Immediately after Kerr got off the phone, Saber reappeared at the airlock. She looked pleased with herself, and Charlie was happy for her. "You can't beat duct tape," she announced. And then she looked at Charlie, strapped down, his seat lowered. "You don't look so good." She wanted to give him something to help him sleep, but Charlie refused. Not tonight, of all nights. As if he could do something to help.

"How bad do I look?" he asked Evelyn after Saber had gone back to the flight deck.

"As if you've been in a fight. And lost." She held up a mirror: His face was bruised and he had two black eyes.

"A lot of people dead tonight," he said.

She nodded. "We heard."

He hovered between exhaustion and horror.

And there was more bad news. Saber called Evelyn up to the flight deck. When she came back she said they'd received word that communication had never been restored with the early flight. It was presumed lost with a hundred and one passengers and three crew.

They were all thinking about it, running the names of friends and colleagues, trying to recall who had been scheduled on which flight.

One hundred four people. It was minuscule compared to the vast numbers who had died on the ground. But it personalized the losses. Rick and Sam and God knew who else and a million others.

It was the darkest night in human memory. Manhattan. 4:01 A.M.

Larry stood by Marilyn's side, peering out over the rooftops and down at the new sea. Manhattan had become a cluster of concrete islands. The city was dark. The shattered Moon had long since set. "Goddam government," he said. "They told us there was nothing to worry about."

Someone pointed a flashlight over the side of the roof. Its beam bobbed up and down in the water. There were bodies.

Marilyn turned away. She'd been unable to sleep, and had eventually rejoined the quiet group gathered around a battery-powered radio.

The terrace doors were open and the curtains moved in a soft breeze. Approximately thirty people were still present. A few, who had drunk too much early in the evening, were asleep. The others looked listless and frightened.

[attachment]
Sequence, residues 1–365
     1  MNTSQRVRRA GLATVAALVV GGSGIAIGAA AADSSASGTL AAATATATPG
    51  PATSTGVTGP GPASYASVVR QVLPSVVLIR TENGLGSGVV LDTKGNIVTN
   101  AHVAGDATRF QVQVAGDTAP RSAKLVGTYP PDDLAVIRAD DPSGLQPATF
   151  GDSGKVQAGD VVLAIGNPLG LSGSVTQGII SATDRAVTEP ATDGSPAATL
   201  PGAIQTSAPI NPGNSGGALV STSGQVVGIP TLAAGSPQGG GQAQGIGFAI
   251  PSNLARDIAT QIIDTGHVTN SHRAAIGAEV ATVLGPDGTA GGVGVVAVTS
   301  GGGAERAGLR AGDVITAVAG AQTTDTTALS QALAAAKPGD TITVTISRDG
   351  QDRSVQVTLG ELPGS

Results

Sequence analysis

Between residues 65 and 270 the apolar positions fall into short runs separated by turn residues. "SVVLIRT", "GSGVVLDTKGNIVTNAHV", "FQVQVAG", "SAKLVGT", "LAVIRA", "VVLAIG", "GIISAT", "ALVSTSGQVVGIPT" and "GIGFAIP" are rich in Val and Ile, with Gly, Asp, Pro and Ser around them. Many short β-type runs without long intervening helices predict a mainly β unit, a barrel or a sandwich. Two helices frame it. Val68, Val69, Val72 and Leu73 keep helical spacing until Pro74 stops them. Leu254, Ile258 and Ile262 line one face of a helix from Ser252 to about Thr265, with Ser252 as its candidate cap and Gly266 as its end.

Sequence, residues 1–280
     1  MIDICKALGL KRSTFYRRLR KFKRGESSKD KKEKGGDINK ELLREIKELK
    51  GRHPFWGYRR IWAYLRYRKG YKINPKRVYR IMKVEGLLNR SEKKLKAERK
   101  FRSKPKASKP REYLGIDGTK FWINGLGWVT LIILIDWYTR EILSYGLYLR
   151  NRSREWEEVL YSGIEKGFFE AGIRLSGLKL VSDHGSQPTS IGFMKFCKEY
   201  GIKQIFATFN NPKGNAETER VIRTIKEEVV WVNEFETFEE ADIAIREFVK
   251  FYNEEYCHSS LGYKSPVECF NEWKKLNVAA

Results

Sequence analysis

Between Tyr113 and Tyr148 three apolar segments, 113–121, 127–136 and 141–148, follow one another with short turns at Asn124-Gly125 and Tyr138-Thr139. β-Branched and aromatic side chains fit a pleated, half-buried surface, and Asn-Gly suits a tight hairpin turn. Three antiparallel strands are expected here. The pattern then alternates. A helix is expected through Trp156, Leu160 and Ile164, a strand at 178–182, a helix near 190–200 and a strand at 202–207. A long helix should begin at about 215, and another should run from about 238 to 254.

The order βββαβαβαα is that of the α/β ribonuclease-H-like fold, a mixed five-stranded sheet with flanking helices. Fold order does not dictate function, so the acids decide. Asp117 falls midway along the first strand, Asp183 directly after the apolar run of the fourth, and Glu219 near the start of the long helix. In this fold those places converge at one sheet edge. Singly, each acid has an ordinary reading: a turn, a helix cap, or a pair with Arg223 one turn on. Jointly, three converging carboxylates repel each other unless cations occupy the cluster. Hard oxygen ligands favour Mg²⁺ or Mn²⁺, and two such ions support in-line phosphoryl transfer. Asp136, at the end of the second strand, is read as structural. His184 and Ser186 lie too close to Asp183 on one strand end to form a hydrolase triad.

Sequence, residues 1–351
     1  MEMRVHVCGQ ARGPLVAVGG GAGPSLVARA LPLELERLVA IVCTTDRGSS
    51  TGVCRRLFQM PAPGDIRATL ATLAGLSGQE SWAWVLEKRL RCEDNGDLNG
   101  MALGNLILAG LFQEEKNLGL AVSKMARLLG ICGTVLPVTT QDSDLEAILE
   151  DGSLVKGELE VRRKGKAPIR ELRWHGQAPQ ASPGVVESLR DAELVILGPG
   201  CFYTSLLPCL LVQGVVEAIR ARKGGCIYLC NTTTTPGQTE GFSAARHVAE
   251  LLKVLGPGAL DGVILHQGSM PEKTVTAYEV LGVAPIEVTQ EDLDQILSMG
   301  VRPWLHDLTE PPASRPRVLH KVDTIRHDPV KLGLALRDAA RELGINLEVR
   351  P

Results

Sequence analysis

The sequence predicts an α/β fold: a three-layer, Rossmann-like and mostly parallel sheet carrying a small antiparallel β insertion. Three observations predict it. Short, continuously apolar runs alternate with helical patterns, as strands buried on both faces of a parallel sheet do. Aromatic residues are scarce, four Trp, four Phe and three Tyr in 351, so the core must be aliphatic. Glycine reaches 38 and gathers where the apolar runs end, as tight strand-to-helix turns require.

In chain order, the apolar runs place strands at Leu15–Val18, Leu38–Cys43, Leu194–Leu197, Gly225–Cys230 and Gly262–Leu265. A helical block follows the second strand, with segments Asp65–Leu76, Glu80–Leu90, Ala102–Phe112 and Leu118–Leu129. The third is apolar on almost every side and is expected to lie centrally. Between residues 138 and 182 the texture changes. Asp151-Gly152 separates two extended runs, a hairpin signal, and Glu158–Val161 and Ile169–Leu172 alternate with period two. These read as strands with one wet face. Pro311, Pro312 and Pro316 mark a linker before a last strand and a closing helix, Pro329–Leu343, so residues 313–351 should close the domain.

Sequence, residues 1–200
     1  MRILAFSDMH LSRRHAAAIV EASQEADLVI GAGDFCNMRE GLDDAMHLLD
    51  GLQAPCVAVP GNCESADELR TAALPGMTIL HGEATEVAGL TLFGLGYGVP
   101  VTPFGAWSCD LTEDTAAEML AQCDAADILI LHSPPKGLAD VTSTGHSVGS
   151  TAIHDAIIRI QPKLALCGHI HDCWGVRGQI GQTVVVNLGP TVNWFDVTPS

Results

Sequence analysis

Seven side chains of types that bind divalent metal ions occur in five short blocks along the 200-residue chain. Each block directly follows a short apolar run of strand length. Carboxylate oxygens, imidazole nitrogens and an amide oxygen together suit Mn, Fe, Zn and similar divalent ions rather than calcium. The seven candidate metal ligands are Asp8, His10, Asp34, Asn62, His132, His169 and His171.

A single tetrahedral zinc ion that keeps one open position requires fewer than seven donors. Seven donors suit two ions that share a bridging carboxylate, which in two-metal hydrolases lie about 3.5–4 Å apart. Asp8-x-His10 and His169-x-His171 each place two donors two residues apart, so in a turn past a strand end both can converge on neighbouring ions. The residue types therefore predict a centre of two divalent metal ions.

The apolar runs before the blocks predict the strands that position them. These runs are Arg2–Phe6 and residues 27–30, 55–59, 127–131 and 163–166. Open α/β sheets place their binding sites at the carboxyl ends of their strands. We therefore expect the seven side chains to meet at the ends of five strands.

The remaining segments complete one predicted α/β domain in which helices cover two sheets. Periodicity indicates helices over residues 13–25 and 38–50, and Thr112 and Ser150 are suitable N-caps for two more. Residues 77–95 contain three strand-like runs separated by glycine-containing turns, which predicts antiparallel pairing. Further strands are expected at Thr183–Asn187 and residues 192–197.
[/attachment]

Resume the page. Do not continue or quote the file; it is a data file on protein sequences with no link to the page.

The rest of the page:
Marilyn had relatives in Boston and friends on the Outer Banks. She'd tried to call them, but got only busy signals and recordings ("The number you dialed is currently receiving maintenance") until about three. Now the phone was completely dead.

The rooms were lighted by candles. "I wonder what our place looks like," she asked Larry. Their apartment was on the third floor, a high third floor, and should have been above water. But it was an effort to care. "We should try to get home," she said.

"How do you suggest we do that, love?"

She was surprised at the sense of disconnectedness that had come over her. She almost didn't care about anything. But she knew there were things to be said, pretenses to be made.

Louise was in the kitchen. There was no running water, of course. Louise had broken open a bottle of spring water and was pouring out a small portion for one of accountants. "Make it last, Bill," she said.

"Is that the entire supply?" asked Marilyn.

Louise looked at the container. About a gallon remained.

"This is it," she said. "We need to start thinking how we're going to manage if help doesn't come."

"Help'll come," said the accountant.

"I think," said Marilyn, "Louise is right."

Louise looked as if she hadn't slept all night. She's been worrying about how she'll feed everybody, Marilyn realized.

Larry came in behind her. "Maybe we should start by figuring out how we'll manage breakfast," he said. "Is there a grocery in the neighborhood?"

Louise nodded. Her customary energy had evaporated. "One block over toward Broadway. Across the street. It's called Barney's. But I'd think it's underwater at the moment."

"Listen," said the accountant, "the whole world knows we're caught here. Let's not go running off half-cocked. All we need to do is be patient."

"No." Marvin stepped into the candlelight. His voice sounded an octave deeper than usual. "I don't think we should just wait here to see what happens to us." He looked at Marilyn, and turned to Louise: "Is there anything in the building we can use for a raft?"

| The Moonfall | c